The curfew will be in effect from 10 p.m until 5.am. each day 

“We’re doing this as a measure to try to discourage unnecessary public gatherings, Reed said, adding that the city cannot keep up the current rate of the spread of the virus. 

Reed said those who break the curfew will have committed a misdemeanor crime and could face fines and jail time.

As of Friday afternoon, Montgomery had 18 confirmed COVID-19 cases. Statewide on Friday, there were 587 cases and at least three deaths caused by COVID-19.

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Health

Alabama National Guard airman positive for COVID-19

Eddie Burkhalter

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An Alabama National Guard airman tested positive for COVID-19 on Thursday. 

The airman, assigned to the 187th Fighter Wing  self-quarantined after experiencing symptoms, according to a statement released by Dannally Field officials Friday. 

“Dannelly Field public health officials are working with military and state officials to monitor the airman who is recovering at home. The airman has not visited Dannelly Field since early March,” according to the statement. 

Dannelly Field has moved to Health Protection Condition Charlie, restricting some access to the base, limiting off-base travel for military personnel and encouraging civilian workers to limit travel. 

“My first priority is the health and safety of our Airmen and their families,” said Col. Ed Casey, 187th Fighter Wing commander in a statement. “To that end, we are acting on guidance and direction from Air Force and Department of Defense leadership to help prevent the spread of the virus on our base and in our communities. We will continue to fly and train to be ready to fight America’s adversaries if need be, but going to HPCON Charlie helps us take deliberate measures to safeguard our force.”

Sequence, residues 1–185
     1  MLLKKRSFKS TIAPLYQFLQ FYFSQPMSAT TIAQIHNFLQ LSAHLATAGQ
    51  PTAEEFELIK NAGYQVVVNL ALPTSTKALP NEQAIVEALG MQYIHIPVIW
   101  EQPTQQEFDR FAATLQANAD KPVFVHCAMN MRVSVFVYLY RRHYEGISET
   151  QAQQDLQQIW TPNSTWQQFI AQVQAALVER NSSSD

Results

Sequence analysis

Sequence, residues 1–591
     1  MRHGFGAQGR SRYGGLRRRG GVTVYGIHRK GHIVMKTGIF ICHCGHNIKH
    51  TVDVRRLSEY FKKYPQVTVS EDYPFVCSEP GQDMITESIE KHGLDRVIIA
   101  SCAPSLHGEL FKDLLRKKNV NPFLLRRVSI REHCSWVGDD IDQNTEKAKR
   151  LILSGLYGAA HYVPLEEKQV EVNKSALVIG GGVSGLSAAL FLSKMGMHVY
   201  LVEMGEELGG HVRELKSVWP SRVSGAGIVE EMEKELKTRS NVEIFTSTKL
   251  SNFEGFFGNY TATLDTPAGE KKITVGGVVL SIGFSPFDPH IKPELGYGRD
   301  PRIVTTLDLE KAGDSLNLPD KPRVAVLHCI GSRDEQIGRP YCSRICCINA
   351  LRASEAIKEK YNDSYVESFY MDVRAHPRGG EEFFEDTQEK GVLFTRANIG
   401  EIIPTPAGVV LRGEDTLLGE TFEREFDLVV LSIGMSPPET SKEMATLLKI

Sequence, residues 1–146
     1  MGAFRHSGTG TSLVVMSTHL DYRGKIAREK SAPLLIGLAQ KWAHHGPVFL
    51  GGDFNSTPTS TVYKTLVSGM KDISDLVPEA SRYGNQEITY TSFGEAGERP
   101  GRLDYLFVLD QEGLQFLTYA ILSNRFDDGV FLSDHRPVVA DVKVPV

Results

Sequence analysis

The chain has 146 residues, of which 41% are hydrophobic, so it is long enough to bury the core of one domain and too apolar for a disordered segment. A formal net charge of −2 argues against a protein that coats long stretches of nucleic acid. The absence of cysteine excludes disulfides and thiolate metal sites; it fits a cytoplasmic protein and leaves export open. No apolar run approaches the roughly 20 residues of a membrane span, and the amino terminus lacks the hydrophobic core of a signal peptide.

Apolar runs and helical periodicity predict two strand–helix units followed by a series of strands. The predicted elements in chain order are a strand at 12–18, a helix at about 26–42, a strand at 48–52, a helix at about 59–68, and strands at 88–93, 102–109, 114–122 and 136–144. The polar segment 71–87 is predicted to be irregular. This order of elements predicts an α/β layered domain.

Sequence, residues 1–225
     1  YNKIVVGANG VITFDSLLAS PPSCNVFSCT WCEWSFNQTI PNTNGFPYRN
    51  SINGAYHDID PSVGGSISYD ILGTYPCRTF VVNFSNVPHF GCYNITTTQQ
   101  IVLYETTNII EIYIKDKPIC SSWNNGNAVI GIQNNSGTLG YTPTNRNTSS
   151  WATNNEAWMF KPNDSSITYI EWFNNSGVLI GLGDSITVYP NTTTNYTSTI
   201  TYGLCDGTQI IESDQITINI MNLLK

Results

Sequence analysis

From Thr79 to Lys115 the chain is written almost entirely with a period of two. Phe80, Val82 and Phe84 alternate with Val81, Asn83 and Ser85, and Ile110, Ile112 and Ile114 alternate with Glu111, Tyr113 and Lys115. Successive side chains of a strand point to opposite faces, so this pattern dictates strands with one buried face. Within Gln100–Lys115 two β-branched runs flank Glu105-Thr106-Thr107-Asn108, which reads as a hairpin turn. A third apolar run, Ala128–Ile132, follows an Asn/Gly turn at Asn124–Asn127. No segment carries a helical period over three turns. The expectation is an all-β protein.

As of Friday afternoon there were 587 conformed COVID-19 cases in Alabama. The state Department of Public Health on Friday listed three deaths as a result of the virus, but state health officer Dr. Scott Harris said Friday morning that the department was investigating 8 other deaths as possibly caused by COVID-19.

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Crime

Attorney general partners with Facebook to stop price-gouging

Eddie Burkhalter

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Alabama Attorney General Steve Marshall on Friday announced a partnership with Facebook to address price-gouging on the social media site by people looking to profit from the COVID-19 pandemic. 

“There is no question that unscrupulous operators are trying to take advantage of Alabamians looking to buy basic necessities to protect and sustain themselves and their families during the ongoing coronavirus epidemic,” Marshall said in a statement. “What’s more, much of that illegal activity is centered online because many consumers find it easier to purchase supplies on the internet due to lack of local availability or self-quarantining. As my office seeks ways to protect our consumers, I am pleased to announce that Facebook is one of several major e-commerce platforms to respond to my call to participate in a coordinated effort to identify and shutdown online price gouging.”

Facebook has agreed to review and remove price-gouging listings and advertisements from the website, according to a press release form Marshall’s office.

The press release from Marshall’s office notes that Facebook has already banned advertising or sale of medical masks, hand sanitizer, surface disinfecting wipes and COVID-19 testing kits, and the site also as prohibited products “cures” or products that claim to prevent someone from contracting the virus. 

Recent research by Digital Citizens Alliance showed, however, that many of those banned products and advertisements continue to appear on Facebook, despite the company’s March 6 announcement prohibiting them.

Alabama’s price-gouging law went into effect on March 13 upon Gov. Kay Ivey’s declaration of a state of emergency.

“Although what constitutes an unconscionable price is not specifically set forth in state law, a price that is 25% or more above the average price charged in the same area within the last 30 days — unless the increase can be attributed to a reasonable cost in connection with the rental or sale of the commodity — is a prima facie case of unconscionable pricing,” according to the release.

To file an illegal price gouging report visit the Alabama Attorney General’s Consumer Interest Division at  https://www.alabamaag.gov/consumercomplaint, or call 1-800-392-5658 to receive a form by mail to complete and return.